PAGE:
The video analysis data were collected from the practices of three companies’ delivery transportation actions. The companies and the drivers were selected because of their willingness to improve the drivers’ work. The companies selected the drivers based on their voluntariness. However, schedules for the video filming occasions were decided by the researchers. The companies were considered typical in Finland.

2.3 Data analysis

The identifications of psychosocial discomforts were analysed in the analysis sessions utilizing the internal psychosocial criteria included in the VIDAR method and tool (see Table 3 in Appendix 1). The internal criteria consist of nine alternatives for sources of psychosocial discomfort, including 1) time pressure, 2) obstruction/interruption/disturbance, 3) uncertainty, 4) poor control, 5) lack of response/feedback, 6) risks, 7) it is emotionally tough, 8) the task is boring or meaningless, and 9) other. The given alternatives are based on the action theory by Karasek and Theorell [22], in which the stressors are circumstances that disturb the goal-directed regulation of actions. The alternatives may contain sub-alternatives to define the discomfort more precisely. In addition, each identified discomfort was given a verbal description and special observations by the evaluator.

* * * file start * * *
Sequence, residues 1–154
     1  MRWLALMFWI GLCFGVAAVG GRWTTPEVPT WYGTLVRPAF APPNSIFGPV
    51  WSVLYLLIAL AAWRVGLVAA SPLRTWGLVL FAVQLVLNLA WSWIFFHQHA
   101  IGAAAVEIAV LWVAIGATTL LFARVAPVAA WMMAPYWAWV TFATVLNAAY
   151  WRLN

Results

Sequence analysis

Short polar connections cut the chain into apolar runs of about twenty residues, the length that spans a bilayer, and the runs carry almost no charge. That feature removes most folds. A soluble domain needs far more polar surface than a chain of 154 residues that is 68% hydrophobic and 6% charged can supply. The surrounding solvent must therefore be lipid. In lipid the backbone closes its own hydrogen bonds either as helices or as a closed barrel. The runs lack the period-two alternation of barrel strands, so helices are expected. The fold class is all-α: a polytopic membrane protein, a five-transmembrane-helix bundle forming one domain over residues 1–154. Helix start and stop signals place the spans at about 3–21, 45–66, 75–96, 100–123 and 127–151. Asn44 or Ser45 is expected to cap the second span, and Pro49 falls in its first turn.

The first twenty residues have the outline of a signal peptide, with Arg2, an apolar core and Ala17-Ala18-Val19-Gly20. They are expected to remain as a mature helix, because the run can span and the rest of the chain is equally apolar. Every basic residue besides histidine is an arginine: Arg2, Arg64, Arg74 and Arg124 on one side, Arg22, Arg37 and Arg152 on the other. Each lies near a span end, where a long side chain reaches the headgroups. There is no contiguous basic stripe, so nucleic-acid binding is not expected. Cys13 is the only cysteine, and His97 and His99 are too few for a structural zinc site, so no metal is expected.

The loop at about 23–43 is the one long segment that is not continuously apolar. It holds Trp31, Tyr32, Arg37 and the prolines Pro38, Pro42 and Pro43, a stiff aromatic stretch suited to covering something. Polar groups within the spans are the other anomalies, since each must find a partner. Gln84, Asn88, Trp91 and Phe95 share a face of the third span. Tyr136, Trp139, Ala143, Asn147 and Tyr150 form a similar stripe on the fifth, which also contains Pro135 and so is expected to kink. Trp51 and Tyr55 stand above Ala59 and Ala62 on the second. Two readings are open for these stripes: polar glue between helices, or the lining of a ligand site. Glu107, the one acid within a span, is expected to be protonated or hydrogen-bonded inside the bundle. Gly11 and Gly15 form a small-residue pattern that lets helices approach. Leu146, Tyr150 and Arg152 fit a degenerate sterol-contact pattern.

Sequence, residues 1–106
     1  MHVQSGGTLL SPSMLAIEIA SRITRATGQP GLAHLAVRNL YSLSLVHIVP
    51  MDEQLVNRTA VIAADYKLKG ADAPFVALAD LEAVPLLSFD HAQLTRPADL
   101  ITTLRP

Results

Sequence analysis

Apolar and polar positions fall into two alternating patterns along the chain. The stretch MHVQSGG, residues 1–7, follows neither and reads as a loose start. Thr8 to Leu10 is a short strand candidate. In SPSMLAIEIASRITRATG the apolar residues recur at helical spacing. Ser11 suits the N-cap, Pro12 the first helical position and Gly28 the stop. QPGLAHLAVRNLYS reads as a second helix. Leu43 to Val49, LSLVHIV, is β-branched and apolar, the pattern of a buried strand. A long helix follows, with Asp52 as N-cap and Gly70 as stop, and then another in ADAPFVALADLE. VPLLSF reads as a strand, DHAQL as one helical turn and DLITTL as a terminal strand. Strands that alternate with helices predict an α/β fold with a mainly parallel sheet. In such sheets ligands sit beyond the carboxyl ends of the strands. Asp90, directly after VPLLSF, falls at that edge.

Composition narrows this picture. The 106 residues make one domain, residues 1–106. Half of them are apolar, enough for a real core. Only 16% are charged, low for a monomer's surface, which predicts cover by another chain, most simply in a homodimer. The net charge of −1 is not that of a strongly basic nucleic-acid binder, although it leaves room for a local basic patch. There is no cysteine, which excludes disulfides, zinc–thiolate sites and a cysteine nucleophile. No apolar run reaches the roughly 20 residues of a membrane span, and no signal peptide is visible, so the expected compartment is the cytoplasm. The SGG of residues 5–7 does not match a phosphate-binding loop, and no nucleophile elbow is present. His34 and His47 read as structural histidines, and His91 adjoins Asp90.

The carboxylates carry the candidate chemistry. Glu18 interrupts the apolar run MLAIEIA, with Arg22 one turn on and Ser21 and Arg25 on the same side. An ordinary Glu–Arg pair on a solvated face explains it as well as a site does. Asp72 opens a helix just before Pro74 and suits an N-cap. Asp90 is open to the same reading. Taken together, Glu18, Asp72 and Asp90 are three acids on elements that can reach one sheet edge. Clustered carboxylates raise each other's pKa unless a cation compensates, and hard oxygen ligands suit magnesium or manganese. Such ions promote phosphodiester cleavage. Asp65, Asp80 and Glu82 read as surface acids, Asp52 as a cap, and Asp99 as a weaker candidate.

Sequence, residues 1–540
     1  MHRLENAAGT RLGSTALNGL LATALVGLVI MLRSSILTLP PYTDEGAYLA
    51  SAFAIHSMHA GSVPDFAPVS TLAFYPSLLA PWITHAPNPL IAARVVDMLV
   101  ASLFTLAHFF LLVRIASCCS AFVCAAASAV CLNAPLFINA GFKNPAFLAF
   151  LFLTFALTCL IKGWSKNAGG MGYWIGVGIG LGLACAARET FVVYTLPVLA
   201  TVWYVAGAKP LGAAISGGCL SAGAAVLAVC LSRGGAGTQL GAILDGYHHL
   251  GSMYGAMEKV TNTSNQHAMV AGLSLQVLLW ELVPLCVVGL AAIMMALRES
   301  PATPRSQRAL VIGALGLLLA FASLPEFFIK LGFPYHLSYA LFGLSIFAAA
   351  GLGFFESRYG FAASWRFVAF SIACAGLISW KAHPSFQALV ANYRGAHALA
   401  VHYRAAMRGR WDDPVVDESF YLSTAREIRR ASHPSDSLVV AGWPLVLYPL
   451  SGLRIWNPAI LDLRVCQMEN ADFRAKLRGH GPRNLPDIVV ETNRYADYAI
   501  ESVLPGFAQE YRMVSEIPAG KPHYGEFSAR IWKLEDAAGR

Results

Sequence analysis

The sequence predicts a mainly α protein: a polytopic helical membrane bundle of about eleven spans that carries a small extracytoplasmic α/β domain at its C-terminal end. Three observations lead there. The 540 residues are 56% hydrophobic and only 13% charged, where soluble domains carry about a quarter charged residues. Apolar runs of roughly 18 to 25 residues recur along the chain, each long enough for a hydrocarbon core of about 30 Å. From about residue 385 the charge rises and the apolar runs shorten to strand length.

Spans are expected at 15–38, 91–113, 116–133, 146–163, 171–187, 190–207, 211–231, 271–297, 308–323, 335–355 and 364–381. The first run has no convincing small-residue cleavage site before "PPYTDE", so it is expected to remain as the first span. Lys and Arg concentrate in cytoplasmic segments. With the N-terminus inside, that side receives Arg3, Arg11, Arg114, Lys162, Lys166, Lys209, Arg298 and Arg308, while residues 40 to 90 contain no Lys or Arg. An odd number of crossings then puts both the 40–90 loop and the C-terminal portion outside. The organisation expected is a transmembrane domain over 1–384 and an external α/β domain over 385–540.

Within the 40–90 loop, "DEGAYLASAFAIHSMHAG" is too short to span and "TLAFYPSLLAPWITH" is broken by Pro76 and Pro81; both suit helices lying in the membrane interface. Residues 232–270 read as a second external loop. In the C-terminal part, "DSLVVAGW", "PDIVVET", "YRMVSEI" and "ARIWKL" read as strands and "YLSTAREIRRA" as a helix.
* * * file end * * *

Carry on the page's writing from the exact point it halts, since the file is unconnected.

VIDAR analysis sessions were arranged for eight individual delivery truck drivers and for four interest groups (drivers [different from the drivers in the individual analyses], drivers’ immediate superiors, safety group members, and cargo space designers). The session classes were designated the “individual drivers group” and the “stakeholder group.” Individual drivers analysed edited video material from his/her own work, and in the group sessions edited video material representing each delivery truck driver’s work at their company was used.

A grounded theory approach was applied for further in-depth analyses. Grounded theory uses detailed procedures for analysis [26, 27]. In this study, three phases of coding [28]—open, axial, and selective—were performed for the identified psychosocial discomforts. In the open coding phase, researchers examined the identification database (including internal criteria selections and verbal descriptions and special observations for each identification) and text for salient categories of information. Using the constant comparative approach, the researcher attempted to “saturate the categories”. In the axial coding phase, researchers reviewed the data to provide specific coding categories that related to or explained the central phenomenon, causal conditions, and strategies for addressing the context and intervening conditions and the consequences. This analysis was carried out separately for two evaluator groups—drivers and other stakeholders. Finally, based on the coding phases a risk management model was derived from the data.

3 Results

3.1 VIDAR-identified psychosocial discomforts of delivery truck drivers’ work

In all, 99 identifications of different psychosocial discomforts were produced in the analysis sessions. These 99 identifications contained a total of 150 selections of alternatives or sub-alternatives (Table 1). Over a half (53%) of the identifications included a psychosocial discomfort of “fear of causing risks.” From those the sub-alternatives, “fear of causing own accident” (28%) and “fear of causing economic damage” (13%) were emphasized. The proportion of “fear of causing risks” was higher (63.1%) in the driver group than in the stakeholder group (43.9%). In the stakeholder group, identifications related to “obstruction, interruption, and disturbance” were also emphasized (33.8%).